10 Rules Cats Want You To Follow

True story: as a child, I lived next to a bona fide, card-carrying crazy cat lady. She had one half of her hair dyed white and the other black, in what appeared to be a deliberately Cruella DeVille fashion statement, and must have owned upwards of 10 cats. Her prize was Oscar, a flat-faced fluffy grump who looked like a spoilt pancake, and had loud nocturnal fights with a local feral cat the size of a small panther. Aside from Oscar, my sole interaction with cats growing up was the occasion when I left my bedroom window open on a hot night, and woke up to find myself surrounded by sleeping cats. At least six of them. That is not an experience that endears you to felines.

With careful training by a cat-loving husband, however, I am beginning to understand the species. Which bits they don't like to be touched, what a twitching tail means, what signals equate to I Am Going To Bite You Immediately You Disrespectful Human Lump. We have a local cat, affectionately nicknamed Alfie The Party Cat for his propensity to turn up at human parties and lie on the dance floor demanding cuddles. He's only threatened to bite me once. I think I'm making progress.

Humans have been domesticating cats since at least the heyday of Ancient Egypt, and quite possibly longer, but cats refuse doggedly (pun intended) to be easy to understand. For the benefit of those fellow cat novices out there, I've put together a user's guide to felines. Beware the sharp bits.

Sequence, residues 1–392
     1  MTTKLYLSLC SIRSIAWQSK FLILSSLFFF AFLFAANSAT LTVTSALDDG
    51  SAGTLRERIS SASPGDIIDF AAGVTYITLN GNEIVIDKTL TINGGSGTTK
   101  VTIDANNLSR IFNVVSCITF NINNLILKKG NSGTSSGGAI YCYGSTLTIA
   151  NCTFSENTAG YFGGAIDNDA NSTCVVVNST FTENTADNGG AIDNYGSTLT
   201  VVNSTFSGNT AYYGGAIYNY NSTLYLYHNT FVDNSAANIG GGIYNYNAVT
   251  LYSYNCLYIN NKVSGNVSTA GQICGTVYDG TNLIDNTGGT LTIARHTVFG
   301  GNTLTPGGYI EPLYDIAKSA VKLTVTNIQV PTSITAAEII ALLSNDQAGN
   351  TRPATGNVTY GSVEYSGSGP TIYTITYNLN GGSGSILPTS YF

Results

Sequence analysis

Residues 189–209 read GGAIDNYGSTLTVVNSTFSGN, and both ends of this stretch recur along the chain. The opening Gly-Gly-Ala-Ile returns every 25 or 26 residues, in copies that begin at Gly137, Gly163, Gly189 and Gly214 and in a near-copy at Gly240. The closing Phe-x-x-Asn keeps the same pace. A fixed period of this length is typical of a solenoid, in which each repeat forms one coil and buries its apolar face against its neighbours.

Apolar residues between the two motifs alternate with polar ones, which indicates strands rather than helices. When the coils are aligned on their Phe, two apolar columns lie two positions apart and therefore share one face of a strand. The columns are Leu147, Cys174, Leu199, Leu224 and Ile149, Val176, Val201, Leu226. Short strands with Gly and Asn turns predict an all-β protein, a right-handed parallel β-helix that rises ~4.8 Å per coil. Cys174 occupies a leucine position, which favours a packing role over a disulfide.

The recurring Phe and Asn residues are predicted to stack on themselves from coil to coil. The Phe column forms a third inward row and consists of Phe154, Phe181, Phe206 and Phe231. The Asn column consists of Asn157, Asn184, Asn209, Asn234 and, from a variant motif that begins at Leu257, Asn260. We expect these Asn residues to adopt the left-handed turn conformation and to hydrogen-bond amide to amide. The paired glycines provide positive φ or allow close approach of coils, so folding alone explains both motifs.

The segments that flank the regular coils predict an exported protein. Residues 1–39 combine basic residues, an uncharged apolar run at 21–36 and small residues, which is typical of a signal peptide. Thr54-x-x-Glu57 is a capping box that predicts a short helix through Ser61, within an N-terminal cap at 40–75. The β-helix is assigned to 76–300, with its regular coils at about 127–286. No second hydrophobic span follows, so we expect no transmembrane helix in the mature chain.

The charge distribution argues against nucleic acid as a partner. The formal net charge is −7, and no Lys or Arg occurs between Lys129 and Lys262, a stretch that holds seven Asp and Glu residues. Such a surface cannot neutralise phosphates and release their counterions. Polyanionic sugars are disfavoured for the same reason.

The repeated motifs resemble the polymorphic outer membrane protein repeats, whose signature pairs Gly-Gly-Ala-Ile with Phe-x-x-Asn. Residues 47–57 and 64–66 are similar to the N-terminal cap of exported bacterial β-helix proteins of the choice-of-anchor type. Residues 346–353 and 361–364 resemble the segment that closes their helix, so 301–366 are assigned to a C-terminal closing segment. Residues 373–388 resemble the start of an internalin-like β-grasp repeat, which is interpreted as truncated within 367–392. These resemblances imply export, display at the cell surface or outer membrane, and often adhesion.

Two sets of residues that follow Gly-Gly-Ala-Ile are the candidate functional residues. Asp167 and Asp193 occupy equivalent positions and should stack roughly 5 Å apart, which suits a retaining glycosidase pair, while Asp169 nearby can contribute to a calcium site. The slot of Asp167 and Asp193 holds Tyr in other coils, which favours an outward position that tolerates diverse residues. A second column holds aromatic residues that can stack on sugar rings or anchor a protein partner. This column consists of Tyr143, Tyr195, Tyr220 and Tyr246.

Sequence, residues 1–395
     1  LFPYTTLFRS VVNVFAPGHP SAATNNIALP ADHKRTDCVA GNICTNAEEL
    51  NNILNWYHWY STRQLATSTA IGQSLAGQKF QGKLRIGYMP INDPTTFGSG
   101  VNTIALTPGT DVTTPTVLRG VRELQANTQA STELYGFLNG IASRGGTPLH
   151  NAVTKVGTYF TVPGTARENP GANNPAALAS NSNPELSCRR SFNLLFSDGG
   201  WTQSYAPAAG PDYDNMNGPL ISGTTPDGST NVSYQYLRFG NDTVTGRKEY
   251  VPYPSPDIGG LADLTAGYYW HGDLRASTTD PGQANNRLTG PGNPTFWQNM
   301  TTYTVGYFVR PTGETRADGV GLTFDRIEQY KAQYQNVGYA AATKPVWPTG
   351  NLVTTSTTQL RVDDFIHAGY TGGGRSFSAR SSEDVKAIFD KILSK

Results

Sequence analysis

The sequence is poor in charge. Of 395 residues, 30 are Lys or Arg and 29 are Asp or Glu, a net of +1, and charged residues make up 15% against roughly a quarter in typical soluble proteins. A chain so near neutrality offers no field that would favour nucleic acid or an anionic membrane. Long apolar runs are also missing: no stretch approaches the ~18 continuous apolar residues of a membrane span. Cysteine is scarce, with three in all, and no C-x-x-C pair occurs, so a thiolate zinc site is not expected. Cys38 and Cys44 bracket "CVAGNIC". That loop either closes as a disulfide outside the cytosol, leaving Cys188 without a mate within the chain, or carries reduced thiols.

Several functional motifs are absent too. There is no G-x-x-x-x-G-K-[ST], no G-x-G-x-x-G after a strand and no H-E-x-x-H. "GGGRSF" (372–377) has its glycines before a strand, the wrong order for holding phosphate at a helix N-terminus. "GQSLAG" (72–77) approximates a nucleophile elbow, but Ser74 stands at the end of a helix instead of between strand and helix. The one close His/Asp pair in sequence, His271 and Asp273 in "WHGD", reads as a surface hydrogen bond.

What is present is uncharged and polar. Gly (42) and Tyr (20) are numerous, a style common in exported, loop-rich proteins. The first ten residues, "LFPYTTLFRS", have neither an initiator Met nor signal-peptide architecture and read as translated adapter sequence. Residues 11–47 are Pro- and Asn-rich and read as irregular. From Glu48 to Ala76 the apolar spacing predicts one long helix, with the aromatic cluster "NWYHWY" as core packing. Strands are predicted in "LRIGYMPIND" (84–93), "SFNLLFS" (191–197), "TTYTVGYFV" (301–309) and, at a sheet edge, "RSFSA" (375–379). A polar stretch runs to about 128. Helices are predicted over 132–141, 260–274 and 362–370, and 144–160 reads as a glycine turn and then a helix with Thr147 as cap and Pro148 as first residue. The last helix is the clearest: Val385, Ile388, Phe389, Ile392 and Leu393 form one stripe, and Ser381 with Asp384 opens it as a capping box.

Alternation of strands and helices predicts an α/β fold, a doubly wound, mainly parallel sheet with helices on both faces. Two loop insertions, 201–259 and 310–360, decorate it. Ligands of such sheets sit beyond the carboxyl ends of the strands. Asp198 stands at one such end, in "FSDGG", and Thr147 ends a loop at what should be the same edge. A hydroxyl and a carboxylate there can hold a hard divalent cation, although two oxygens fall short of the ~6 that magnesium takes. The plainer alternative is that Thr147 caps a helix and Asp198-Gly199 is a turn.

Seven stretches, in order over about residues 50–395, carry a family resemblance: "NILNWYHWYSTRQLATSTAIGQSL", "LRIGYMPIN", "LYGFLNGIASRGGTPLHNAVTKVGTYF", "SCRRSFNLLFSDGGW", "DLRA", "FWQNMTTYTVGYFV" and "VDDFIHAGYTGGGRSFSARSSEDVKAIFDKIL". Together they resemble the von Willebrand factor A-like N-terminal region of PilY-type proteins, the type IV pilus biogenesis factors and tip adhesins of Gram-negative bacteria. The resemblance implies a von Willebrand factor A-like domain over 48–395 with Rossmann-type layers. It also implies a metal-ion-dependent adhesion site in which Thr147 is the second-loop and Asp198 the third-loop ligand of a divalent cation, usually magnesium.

1. Let me smell and see you first.

Surprising a cat is basically the worst idea you've ever had. It will result in the cat leaping in the air and sprinting away from you, leaving you miserably deprived and the cat deeply suspicious of your Clearly Suspect Behavior.

You don't need to get down to their level and wheedle at them in kitty-language (which is seriously undignified), but let them see you coming, and put whatever hand you're planning to use to stroke them in front of their nose, so they can see it's not covered in teeth. It's asking permission to approach, and it's good cat manners.

2. Go for the sides of the cheeks.

If you're at a serious loss as to how to endear yourself to this fat fuzzy thing looking at you quizzically, do not make a grab for it and tell it what a good snookums it is. Just use the crook of a finger to rub the scent glands behind the whiskers. Cats are deeply sensitive in that area, and will probably gratify you by bunting their head against your hand asking for more.

3. Don't chase me or pick me up.

Cats are not babies. Unless they're seriously used to being picked up — and there are some, very human-focussed cats who love it, including a pair of Russian Blues I catsat once who were only happy if you cradled them like babies — they may resist it, particularly if they don't know who the hell you are. The most you can hope for, with a new cat acquaintance, is settling on your lap for some purring.

And it should go without saying, but charging around after it going HERE KITTY KITTY is not a nice game or an effective bonding tactic. It says to the cat, "Here is a lunatic who is threatening me. I will hide in the airing cupboard and later pee in its shoes."

4. Stroke me under the chin, behind the ears, and the top of the tail.